r r a y
DECEMBER 17, 2010
Ot t e r
Ma n i a
From the Quidditch club to the midnight showing, WJ can’t get enough of this scarred fella with frames By Emil Hafeez A chorus of “1! 2! 3! Gryffindor!” rises from the newly constructed Quidditch pitch on WJ’s football field. While neither Harry Potter nor any other of his witch and wizard peers are anywhere to be found, the area often mistaken for a football field is densely populated with WJ students whizzing around on brooms. Despite their soaring spir-
A keeper blocks the Quaffle in the SGA-sponsored tournament.
its, their feet remain on the ground. Playing Quidditch with one hand clutching a broom that must remain between their legs, the Muggles, or non-magic folk, live out the fantasy that many of them have had since they began reading the Harry Potter series. In magical Quidditch, each team has seven players: three Chasers, two Beaters, a Keeper and a Seeker. There are three kinds of balls: the Quaffle, two Bludgers and the small golden Snitch. The Chasers handle the Quaffle and try to put it through one of three hoops, while the Keeper defends the hoops. Bewitched Bludgers attack players on brooms while the Beaters defend their own side, and the Snitch evades the Seekers. It works similarly in the Muggle world, with players quarreling for the Quaffle, being pelted by thrown Bludgers, and sprinting after the speedy
Snitch (usually played by a cross-country runner wearing yellow). The point, though, isn’t necessarily winning. “My favorite part of the game is actually watching it, though playing is a lot of fun too,” said Quidditch Club co-founder junior Jocelyn Wu. “It’s just nice to see people enjoying something from Harry Potter.” The real point here is nostalgia. It’s practically palpable. With the recent release of Harry Potter and the Deathly Hallows: Part 1, love for Harry Potter seems to have been rekindled at WJ. Many of our generation grew up reading about The Boy Who Lived, progressing through elementary, middle and high school while the wondrous wizard graduated from cupboard-under-the-stairs to cousin Dudley’s second bedroom. Many students’ eleventh birthdays were marred tragically when they didn’t receive a letter from Hogwarts, School of Witchcraft and Wizardry. As Harry faced the horrors of Lord Voldemort time and time again, this generation read along and rooted for him. The series progressed from the relatively modest novel written by a living-on-government-benefits author, J.K. Rowling, to eight movies that have grossed more than $5 billion, and seven books that have sold more than 400 million copies. Now, after her seventh book sold more than 15 million copies in the first 24 hours and the most recent film made $330.1 million during the debut weekend, Forbes Magazine has placed Rowling’s net worth at about $1 billion. Support from the younger generation is undoubtedly the largest, with droves of teenagers attending the midnight premiere of the new Harry Potter and seemingly endless numbers the next day. At the Regal Bethesda on Wisconsin Avenue, far more people between the ages of 13-20 were dressed up as characters than any other demographic. A parent in the theater who spoke during the introduction was reprimanded, not by other parents, but a chorus of offended teenage Harry Potter fans. “I’ve grown up reading the series,” said senior Jackson Barr. “I can’t really help but glorify the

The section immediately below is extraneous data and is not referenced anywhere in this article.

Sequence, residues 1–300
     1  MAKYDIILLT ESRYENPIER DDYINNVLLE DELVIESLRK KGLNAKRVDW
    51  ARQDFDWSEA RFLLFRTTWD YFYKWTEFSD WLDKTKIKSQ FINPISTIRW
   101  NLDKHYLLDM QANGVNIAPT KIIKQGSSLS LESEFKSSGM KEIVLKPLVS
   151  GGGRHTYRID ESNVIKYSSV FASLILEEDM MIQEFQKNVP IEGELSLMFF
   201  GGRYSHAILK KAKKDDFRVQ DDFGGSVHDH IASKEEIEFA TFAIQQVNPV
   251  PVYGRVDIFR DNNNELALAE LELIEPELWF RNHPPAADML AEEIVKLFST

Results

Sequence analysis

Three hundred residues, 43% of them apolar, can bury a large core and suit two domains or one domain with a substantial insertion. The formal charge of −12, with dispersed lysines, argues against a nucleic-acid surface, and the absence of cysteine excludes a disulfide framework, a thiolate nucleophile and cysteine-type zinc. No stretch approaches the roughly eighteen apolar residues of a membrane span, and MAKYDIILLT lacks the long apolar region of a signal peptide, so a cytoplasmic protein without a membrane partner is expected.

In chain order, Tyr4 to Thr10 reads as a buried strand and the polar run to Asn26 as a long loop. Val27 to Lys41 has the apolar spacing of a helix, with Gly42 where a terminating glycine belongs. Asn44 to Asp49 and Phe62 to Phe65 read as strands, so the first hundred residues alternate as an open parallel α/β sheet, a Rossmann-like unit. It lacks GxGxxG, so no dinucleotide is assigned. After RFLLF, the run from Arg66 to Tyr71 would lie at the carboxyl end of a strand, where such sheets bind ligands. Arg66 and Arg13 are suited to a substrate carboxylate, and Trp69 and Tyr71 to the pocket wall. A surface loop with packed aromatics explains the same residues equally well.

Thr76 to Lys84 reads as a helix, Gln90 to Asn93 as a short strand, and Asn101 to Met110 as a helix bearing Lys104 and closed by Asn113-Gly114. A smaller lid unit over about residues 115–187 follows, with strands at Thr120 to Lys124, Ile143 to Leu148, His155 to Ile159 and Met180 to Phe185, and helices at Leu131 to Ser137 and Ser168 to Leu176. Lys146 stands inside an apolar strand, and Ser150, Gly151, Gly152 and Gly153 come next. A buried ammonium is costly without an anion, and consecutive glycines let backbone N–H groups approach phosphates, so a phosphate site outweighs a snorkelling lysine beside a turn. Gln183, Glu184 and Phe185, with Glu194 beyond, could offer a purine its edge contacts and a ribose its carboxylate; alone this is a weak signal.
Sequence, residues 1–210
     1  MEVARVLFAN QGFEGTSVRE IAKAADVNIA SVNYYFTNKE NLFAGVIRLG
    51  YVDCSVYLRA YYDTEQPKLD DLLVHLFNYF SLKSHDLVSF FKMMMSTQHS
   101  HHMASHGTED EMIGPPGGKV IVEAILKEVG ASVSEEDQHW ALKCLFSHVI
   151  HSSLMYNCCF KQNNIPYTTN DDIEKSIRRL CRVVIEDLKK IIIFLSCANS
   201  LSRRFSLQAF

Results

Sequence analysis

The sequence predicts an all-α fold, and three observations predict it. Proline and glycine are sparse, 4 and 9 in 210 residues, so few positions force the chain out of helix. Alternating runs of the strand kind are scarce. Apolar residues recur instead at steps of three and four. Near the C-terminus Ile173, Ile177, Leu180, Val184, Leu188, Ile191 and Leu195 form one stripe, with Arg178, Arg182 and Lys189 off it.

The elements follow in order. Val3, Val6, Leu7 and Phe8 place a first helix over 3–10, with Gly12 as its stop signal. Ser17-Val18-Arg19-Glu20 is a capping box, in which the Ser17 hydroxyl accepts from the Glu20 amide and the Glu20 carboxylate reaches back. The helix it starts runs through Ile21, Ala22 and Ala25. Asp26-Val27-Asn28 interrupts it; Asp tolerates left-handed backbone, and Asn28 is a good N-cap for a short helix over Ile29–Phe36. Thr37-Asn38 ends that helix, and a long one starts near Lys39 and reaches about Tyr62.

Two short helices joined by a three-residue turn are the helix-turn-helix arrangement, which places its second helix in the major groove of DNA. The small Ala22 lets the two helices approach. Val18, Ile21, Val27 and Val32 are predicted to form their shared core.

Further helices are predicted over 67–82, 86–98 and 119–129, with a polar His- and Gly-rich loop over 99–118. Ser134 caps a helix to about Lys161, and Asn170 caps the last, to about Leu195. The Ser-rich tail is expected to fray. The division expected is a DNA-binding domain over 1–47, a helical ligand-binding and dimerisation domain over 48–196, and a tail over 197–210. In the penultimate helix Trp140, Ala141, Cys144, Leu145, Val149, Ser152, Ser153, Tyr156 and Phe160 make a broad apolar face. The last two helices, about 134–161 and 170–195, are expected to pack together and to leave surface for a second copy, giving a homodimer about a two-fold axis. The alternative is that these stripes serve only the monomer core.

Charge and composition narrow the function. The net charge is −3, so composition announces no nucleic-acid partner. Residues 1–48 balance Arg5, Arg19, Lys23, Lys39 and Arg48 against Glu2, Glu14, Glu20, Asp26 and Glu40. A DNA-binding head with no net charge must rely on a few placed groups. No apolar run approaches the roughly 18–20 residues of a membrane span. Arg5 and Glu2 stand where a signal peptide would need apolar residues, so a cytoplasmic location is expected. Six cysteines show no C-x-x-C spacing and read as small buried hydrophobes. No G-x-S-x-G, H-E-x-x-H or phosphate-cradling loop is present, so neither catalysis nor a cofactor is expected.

books and the movies a little bit. They’re a part of my childhood.” True witches and wizards could be seen in school the day after The Deathly Hallows premiere, murmuring incantations and trying to apparate their way out of class despite their complete lack of energy. Perhaps this generation’s love of the series is strongest because they grew up with Potter and are now dedicated fans; perhaps it’s the strongest just because the series strikes them well. Either way, the outpouring of support for the ending of the series is downright torrential, and as the release of the next and last movie draws closer, hype will only increase. The very last installment will undoubtedly stir up the support of even more fans, as those who have gotten into the series will want to see it off. “J.K. Rowling has got to be an amazingly talented writer for someone to be able to feel so many emotions when reading the books, and it’s sad they’re basically over,” said senior Alicia Dodrill.
Photos by Stefany Carty
Muggles fulfill their wizard dreams, playing Quidditch on the side field, riding brooms and scoring goals.
...and the insanity continues online at WJ p i t c h.com
Check out the Video of the Week: the Harry Potter and the Deathly Hallows: Part 1 trailer
Photo courtesy of Warner Brothers
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For more on the Quidditch Club: Check out the feature section
Movie Review: Dr. Harold Potter, PhD in Box Office Magic By Eleanor Janhunen
Courtesy of rocketboomnyc
Dec. 17, 2010 The Pitch